• Just because I have everything within arms reach (don't ask), here are the weights:
2m of 6mm Width GT2 belt: 16.11g
16T 6mm W, 5mm ID Aluminum Pulley: 2.92g
20T 6mm W, CR10 stock pulley: 6.10g
All of the above measured with an uncalibrated cheap Chinese scale, so just useful to get an idea.

• @dc42
"stupid" (maybe) question, while digging up new motor-alternatives: Those 2,4A, are they "per phase"? Or in total? I assume per phase.

Because: Letยดs say I pick a motor that has 2,12A (1phase), what would be fine... then this motor will have 2 * 2,12A * 1/sqrt(2) -> = ca. 3A then on every two-phase step in total (with only 1,5A on each single phase of course).

The 2.4A is the peak per-phase current. When using microstepping, only one phase gets the peak current at a time. When full stepping is selected, both phases get the peak current all the time.

• @dc42
Thanks so much! That helps me so much to better understand the whole stepper-stuff!

So for learning/understanding:
Even the trinamic-driver in full-step-mode do not scale down to sin(45) = 0,707... * A + cos(45) = 0,707... * A in a two-phase position and have at this time 1.414... times A but with 2 * 1A = 2A in total in a single-phase position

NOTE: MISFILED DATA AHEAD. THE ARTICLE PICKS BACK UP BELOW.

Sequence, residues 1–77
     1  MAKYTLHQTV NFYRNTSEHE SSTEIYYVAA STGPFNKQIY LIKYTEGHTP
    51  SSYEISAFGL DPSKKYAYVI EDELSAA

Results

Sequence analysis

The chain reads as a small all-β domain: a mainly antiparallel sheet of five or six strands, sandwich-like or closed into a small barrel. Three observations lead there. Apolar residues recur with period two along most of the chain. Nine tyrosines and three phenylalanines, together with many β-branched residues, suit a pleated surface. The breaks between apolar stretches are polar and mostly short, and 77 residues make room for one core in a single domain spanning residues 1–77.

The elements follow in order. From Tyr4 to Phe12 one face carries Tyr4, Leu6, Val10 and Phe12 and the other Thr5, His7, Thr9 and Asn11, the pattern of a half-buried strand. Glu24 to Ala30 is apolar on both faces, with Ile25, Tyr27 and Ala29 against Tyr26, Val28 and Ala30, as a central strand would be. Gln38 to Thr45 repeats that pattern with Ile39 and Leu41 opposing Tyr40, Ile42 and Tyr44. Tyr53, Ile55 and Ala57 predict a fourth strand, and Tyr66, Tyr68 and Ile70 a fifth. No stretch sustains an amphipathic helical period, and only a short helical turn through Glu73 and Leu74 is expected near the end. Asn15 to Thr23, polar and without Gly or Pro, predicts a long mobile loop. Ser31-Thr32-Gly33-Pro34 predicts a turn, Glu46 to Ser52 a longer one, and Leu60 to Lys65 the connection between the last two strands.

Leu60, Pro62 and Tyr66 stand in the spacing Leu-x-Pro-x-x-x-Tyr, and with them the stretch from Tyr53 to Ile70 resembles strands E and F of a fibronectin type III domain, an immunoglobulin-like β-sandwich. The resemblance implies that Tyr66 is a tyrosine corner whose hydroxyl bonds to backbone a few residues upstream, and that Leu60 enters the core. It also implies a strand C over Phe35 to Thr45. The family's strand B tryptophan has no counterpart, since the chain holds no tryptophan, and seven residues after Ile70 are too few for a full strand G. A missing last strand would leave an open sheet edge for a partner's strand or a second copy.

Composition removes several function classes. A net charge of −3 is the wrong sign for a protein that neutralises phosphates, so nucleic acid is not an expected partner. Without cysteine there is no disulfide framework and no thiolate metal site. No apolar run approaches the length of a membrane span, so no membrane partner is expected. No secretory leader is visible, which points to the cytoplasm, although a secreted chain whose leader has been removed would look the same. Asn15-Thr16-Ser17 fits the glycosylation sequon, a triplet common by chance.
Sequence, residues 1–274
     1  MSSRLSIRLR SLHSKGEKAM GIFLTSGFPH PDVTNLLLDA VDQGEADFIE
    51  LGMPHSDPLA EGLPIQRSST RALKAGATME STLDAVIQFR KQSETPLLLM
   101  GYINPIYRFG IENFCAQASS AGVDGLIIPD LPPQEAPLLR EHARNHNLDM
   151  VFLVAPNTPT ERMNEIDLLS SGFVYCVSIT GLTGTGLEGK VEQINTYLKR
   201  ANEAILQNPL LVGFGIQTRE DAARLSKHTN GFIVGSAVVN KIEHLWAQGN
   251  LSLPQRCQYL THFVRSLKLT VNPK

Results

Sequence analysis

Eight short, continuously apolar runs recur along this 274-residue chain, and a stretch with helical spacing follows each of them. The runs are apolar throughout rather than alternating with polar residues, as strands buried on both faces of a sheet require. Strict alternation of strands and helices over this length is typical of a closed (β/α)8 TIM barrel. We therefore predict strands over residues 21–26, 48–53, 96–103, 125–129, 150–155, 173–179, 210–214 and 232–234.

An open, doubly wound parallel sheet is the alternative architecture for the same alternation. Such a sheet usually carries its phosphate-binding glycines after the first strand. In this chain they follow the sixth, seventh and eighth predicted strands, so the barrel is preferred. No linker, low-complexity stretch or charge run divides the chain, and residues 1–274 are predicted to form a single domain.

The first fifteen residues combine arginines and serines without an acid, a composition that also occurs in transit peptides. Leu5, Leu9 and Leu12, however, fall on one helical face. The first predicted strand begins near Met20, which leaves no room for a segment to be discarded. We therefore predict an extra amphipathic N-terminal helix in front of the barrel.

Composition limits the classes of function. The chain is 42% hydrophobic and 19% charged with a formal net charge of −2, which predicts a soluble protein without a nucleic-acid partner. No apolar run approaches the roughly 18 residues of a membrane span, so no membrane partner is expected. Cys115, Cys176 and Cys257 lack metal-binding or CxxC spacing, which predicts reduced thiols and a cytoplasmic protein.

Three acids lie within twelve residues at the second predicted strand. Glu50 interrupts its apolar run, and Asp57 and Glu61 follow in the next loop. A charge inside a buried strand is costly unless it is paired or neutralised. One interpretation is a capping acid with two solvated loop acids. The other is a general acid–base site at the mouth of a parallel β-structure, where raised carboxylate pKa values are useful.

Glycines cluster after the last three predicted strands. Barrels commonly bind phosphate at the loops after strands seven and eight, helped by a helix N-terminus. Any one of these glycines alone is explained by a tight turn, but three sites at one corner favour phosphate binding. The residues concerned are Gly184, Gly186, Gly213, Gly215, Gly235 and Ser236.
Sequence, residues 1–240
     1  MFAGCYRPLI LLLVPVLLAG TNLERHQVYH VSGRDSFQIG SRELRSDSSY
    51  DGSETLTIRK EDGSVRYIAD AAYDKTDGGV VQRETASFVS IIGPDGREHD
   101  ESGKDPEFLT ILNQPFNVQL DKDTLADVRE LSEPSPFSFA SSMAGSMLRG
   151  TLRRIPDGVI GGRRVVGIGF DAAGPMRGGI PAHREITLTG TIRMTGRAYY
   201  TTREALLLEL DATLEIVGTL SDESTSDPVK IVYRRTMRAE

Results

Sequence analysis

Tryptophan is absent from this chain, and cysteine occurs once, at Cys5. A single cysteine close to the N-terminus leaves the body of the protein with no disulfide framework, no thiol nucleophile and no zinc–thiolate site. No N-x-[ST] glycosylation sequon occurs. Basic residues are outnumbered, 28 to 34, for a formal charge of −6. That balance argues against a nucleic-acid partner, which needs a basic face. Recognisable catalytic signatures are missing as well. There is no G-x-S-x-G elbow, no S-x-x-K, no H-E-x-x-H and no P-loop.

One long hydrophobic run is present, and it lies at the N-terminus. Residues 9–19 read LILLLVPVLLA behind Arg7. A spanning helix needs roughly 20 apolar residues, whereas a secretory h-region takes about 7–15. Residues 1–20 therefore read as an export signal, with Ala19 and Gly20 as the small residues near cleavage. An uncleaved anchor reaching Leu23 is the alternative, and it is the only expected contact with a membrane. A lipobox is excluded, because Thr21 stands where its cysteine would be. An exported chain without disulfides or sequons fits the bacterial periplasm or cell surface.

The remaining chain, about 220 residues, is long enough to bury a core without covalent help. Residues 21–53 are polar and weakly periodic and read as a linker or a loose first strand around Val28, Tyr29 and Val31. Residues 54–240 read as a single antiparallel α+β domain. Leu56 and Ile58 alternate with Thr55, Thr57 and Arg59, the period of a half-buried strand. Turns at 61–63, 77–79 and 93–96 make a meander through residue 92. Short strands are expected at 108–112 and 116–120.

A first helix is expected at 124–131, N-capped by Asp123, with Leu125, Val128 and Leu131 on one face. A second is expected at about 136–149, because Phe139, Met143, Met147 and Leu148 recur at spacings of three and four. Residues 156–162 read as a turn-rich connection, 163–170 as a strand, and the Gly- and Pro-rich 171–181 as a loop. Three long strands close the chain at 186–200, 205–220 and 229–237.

-> That does no user any help because we all have to design our systems for the weakest point then and that is single-phase-on... which means in 2-phase-fullstep with 1*A in each winding I actually have more torque and heat and power consumed then I need because I designed everything in a way it can deal with this less torque in single-phase-on-position that cannot be avoided by any means when using microsteps... (though of course we can think of an always 2-phase full-step-mode)?

Another question design-related:
If I have 3,8rps (=225rpm) in my system with 16times micro-stepping I need 3,75 * 16 * 200=12000pulses per second -> Judging on the 300KHz stated here "https://forum.duet3d.com/topic/3493/maximum-stepper-speed/2" I do not run into any problems, even if in total 3 axis-stepper are mounted + 2 printhead-stepper, because that 300KHz is not limited by the amount of steppers connected?